Consequentialism, Indirect Effects and Fair Trade
In this article I consider two consequentialist positions on whether individuals in affluent countries ought to purchase Fair Trade goods. One is a narrow argument, which asserts that individuals should purchase Fair Trade goods because this will have positive direct effects on poverty reduction, by, for example, channelling money into development. I argue that this justification is insufficient to show that individuals should purchase Fair Trade goods because individuals could achieve similar results by donating money to charity and, therefore, without purchasing Fair Trade goods. The second position has a wider focus. It notes both the direct effects of purchasing Fair Trade goods and possible indirect effects, such as the impact this might have on other individuals. I argue that certain actions, of which Fair Trade is one example, will be more likely to encourage individuals who would not otherwise contribute to poverty reduction to contribute and that this may produce additional positive value. Although space prohibits specific conclusions about Fair Trade, I note that considerations of this kind could give us reason to purchase such goods beyond those that issue from the direct effects of doing so and that, as such, they are crucial for determining whether individuals should purchase Fair Trade goods.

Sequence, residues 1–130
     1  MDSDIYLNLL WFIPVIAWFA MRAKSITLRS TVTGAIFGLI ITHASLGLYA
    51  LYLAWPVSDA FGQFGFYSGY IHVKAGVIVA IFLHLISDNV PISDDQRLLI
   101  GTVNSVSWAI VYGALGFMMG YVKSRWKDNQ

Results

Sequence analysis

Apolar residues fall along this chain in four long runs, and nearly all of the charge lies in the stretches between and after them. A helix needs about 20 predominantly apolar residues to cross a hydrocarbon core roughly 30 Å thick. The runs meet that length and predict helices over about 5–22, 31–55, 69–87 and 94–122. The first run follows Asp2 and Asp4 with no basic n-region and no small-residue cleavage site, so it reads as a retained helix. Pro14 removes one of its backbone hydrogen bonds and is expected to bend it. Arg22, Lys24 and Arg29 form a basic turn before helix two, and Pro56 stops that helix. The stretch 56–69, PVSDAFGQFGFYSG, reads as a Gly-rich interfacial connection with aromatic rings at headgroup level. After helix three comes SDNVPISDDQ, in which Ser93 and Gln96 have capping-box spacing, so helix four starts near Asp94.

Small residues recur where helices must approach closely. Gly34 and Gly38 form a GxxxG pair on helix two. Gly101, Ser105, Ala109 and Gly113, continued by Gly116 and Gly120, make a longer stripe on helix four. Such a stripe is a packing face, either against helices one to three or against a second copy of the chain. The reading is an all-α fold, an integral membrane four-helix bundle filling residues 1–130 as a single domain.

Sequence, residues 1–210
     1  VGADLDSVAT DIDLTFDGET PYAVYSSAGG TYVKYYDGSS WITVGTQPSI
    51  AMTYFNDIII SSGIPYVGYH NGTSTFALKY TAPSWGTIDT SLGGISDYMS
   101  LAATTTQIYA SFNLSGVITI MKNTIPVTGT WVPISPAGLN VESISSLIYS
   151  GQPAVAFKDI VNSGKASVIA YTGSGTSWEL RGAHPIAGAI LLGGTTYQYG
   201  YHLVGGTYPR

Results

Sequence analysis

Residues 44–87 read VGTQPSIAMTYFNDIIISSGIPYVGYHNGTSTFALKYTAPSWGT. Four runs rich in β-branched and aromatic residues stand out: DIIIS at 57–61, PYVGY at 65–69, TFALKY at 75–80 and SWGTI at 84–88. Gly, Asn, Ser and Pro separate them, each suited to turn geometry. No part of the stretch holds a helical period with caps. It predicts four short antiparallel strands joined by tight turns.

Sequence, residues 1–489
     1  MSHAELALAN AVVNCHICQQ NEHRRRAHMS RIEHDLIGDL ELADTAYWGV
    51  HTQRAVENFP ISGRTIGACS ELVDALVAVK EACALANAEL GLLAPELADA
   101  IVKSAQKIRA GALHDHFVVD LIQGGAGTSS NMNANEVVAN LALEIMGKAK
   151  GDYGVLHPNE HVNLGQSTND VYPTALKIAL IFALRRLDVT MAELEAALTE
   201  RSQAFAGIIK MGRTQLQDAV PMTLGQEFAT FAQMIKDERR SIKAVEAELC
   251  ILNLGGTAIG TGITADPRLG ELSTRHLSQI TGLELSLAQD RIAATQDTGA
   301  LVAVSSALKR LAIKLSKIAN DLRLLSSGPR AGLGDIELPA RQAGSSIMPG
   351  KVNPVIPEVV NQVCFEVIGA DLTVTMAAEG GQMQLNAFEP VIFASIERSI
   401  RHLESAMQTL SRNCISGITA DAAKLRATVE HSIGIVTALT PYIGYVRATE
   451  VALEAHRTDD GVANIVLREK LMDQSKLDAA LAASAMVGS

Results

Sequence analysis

Volume (Year): 24 (2012)
Issue (Month): 01 (March)
|Contact details of provider:|| Postal: Cambridge University Press, UPH, Shaftesbury Road, Cambridge CB2 8BS UK|
Web page: http://journals.cambridge.org/jid_UTI
When requesting a correction, please mention this item's handle: RePEc:cup:utilit:v:24:y:2012:i:01:p:126-138_00. See general information about how to correct material in RePEc.
For technical questions regarding this item, or to correct its authors, title, abstract, bibliographic or download information, contact: (Keith Waters)
If references are entirely missing, you can add them using this form.